It's hard to even know where to begin this post. So much has gone wrong that it's hard to remember what happened when and what came next. When last we left off, we had packed up the car, left Santa Rosalia and even before the city limits were reached, we turned around with a broken car. We drove straight back to the marina and moved back on the boat for the night. We thought we would be leaving the next day.
The next morning, Patrick started playing with the car to diagnose the problem. It was definitely the alternator gone bad. He went to two auto body shops and asked them if they could fix our alternator. Both said "Yes" at first and then said "No" when they found out our car was a Volvo. Volvo cars are not common down here on the Baja. We knew before we started that we could run into problems having an unusual car, but we thought it wouldn't be that bad. We thought wrong.
The next step was getting on the internet to find out if the alternator was going to be specific to Volvo or a more common brand. Turns out it was a Bosch from Germany, but several other brands could be used instead. With that info we went walking into town to a ferreteria (hardware store) that had lots of alternators in stock. No Bosch's in stock or the other kinds that could be used. We asked if they knew of anyone who could rebuild the alternator and just as they were writing down the guy's name for us, the very man walked in the store. He agreed to meet us at the marina to see the car in one hour. We were excited, everything was going so well. The man showed up, we jump-started the car and drove it to his shop.
And there it sat. Day One. Day Two. Every day that went by, Patrick was calling the mechanic asking what was going on. Communication was a real problem. Patrick had some of the marina officials helping him by calling and asking questions. We just got a lot of run around. Day Three. Patrick is told that the regulator is shot on the alternator and it has to be ordered from the USA since no parts are available down here in Mexico. That afternoon, Patrick takes the broken regulator around to 1007 ferreterias and is directed to a different mechanic. This mechanic takes one look at the regulator and goes over to his pile of goods. He pulls out a regulator that is almost a perfect match, but has just one connection that is different. No Problem for him. He takes out a soldering gun and adds a couple wires to it and VOILA! it's a perfect match. We pay him about $50 USD for his 10 minutes of time and the part and take that to our first mechanic. If we could have just retrieved our car and given it to the second mechanic, we would have. But how? We didn't have anyway to move the car. So instead we delivered the jerry-rigged regulator to the first mechanic for him to install. We left it with him that afternoon.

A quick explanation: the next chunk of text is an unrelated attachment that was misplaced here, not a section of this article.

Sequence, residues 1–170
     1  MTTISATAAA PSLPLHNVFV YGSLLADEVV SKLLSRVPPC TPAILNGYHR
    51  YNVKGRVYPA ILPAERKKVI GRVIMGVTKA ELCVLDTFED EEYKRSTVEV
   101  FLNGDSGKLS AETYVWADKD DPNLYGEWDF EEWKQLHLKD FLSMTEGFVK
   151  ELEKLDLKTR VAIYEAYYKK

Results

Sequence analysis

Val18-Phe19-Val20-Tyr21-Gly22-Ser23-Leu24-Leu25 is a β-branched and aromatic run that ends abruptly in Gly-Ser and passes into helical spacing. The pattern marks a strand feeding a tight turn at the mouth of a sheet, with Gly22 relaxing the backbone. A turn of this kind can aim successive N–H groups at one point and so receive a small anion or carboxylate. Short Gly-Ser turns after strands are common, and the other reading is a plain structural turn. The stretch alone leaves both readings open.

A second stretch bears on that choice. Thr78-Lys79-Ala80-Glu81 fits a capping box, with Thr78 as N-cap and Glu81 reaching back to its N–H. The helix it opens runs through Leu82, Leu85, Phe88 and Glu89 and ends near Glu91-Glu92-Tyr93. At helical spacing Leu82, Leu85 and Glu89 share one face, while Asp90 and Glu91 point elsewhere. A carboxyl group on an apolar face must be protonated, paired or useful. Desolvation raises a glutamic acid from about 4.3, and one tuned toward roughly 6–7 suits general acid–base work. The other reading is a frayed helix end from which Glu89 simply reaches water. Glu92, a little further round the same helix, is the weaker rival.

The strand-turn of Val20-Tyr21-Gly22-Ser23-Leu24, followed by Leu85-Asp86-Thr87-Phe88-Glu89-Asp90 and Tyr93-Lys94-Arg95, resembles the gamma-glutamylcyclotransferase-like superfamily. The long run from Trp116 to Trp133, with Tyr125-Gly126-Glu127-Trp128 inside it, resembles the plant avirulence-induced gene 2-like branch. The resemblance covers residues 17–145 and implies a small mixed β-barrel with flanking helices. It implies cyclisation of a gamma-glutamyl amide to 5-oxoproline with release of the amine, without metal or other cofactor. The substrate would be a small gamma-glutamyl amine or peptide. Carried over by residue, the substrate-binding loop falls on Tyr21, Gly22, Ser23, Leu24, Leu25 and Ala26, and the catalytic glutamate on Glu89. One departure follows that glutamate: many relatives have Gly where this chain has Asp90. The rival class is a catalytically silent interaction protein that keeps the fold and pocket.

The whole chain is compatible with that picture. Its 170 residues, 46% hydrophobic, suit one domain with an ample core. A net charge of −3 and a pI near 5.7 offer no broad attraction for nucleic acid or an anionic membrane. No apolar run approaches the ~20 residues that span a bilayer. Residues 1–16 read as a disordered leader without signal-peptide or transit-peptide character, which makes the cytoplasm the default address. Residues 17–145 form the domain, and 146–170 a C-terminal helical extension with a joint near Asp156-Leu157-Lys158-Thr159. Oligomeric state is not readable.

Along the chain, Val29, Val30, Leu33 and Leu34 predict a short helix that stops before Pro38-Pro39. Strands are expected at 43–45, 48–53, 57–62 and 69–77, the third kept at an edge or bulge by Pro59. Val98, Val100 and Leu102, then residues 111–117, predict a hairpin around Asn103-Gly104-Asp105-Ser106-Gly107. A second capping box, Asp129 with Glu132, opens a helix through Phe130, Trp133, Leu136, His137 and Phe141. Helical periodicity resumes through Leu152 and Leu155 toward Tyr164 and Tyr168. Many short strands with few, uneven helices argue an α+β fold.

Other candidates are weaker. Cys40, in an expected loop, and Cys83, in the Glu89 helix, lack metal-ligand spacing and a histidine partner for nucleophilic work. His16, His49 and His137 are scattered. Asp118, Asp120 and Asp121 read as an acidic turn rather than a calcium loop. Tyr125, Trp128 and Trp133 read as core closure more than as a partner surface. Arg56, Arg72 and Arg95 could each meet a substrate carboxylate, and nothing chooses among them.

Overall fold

The next day, nothing is done when Patrick calls in the morning. He goes there with a cruiser who speaks fluent Spanish. The car is just sitting with no-one working on it. They leave. Then at 3 pm they go back and get the car. The mechanic has installed the jerry-rigged regulator given to him. Patrick and the mechanic look through the engine that he has put back together. The mechanic pulls on the hoses. Patrick pays him the $50 USD that he charges and drives the car away and brings it back to the marina.
We all cheer and start loading up the car. After two hours of intense work, we all pile into the car to start our journey again. Patrick turns the key in the car and......Nothing. The car is dead.
The next installment - The Journey - and it goes downhill from there!
7 hours ago